UK homeowners are infatuated with home improvement shows. Between Channel 4 and BBC One, the stations feature over 16 different popular home improvement shows. The likes of which include hit shows such as Grand Designs, DIY SOS, Homes Under the Hammer and 60 Minute Makeover. Basically, us Brits canít get enough when it comes to learning about the lives of the people who are undertaking renovations, tearing their homes apart, and seeing how much they like (or dislike) the final product.
However, is carrying out a home renovation yourself on par with what the TV shows go through?
Most of us arenít fortunate enough to have a ginormous team on the project all day every day, nor the ability to generate contingency money when needed.
Indeed, one of the biggest obstacles for an average homeowner is money. Naturally, due to the workforce scale employed on home improvement shows, they work to get everything done in one go. Regardless of that, itís not always physically possible to do this for your own home improvement due to expenses Ė remember, youíve still got to live alongside renovating your home. As an avid watcher, itís clear to see that these shows are often aimed at an audience with money, even though most of the audience will be living off a standard working wage.
On top of this, shows such as 60 Minute Makeover bring in their own team or hire local trade companies, with the promise of advertisement through the show to work on the renovation. Unfortunately, free labour isnít often something you can haggle as a standard homeowner and is another expense that these shows donít encounter or mention.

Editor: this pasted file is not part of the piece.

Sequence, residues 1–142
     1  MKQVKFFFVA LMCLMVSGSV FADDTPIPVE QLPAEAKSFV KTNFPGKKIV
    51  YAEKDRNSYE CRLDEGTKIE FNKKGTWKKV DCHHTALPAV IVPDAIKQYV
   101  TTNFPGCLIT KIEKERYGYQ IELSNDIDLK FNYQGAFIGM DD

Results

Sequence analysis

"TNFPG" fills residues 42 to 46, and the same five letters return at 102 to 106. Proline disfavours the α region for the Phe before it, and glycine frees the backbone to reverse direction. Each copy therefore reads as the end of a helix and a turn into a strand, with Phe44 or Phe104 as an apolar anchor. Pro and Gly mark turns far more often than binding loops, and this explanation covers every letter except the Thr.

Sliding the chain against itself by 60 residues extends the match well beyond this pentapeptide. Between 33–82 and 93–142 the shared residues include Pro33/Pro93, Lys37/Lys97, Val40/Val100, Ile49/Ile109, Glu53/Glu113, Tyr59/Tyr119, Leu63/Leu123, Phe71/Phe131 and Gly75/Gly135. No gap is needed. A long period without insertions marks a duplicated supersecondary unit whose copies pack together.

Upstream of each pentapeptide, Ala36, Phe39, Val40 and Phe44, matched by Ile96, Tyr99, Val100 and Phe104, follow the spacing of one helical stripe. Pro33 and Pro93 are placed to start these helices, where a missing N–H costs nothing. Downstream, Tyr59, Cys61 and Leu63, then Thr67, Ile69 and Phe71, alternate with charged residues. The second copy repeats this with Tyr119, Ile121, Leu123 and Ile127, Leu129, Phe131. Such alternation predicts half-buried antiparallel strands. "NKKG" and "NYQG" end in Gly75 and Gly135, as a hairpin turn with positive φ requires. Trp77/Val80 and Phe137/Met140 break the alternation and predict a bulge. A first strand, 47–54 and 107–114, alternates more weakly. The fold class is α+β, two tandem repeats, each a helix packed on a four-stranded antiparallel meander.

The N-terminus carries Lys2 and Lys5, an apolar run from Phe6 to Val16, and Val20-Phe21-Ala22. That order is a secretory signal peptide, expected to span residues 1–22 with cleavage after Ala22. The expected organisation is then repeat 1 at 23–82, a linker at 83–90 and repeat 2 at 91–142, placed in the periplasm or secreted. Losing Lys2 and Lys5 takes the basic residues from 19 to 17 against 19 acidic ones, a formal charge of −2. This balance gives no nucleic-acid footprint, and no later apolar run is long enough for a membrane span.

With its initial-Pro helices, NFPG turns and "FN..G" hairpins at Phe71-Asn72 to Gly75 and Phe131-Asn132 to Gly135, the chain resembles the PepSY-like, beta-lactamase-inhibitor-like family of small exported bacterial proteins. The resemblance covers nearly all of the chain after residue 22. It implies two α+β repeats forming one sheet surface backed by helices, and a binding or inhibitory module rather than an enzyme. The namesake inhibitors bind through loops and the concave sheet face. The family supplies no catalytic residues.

With all this in mind, Grand Designs and Homes Under the Hammer are very transparent about costs and often this is the reason why renovations run over schedule. More specifically, they either run out of budget or are confronted with an expense that hasnít been accounted for.
The time frames set to complete renovations contribute to unrealistic goals. For example, 60 Minute Makeover and DIY SOS suggest that transforming an entire home is a straightforward exercise. Undoubtedly, most people watching these shows will understand that an ordinary renovation would never be completed in the same time, but they still manage to mask how long it realistically would take to do the same job yourself. Grand Designs, on the other hand, portrays a much more practical timeframe for renovation jobs, with only a handful of the projects that feature in series getting completed by the end of the episode.
Lastly, a lot of the conversation in home improvement episodes revolve around money, time, materials and issues that theyíve ran into. Whilst simple equipment and compulsory things to remember in any home improvement Ė the wait for contractors, skip hire for the disposal of materials and plasterboard, or an insight into how home renovators live whilst their home is literally under the hammer - are often overlooked. Understandably, theyíre not the most exciting topics to discuss, but if they were mentioned even once in an episode it would help to give the full picture to viewers who are considering their own renovation project.
Whilst they make for prime viewing, itís good to keep in mind that most home improvement shows donít have the time in their one-hour slot to show every aspect of renovating a home. Of course, itís good to have a deadline as this helps to keep things on schedule and highlights when you will need money for certain things, but plan a time frame that allows you to get the job done without rushing and with capacity for any issues that may crop up along the way.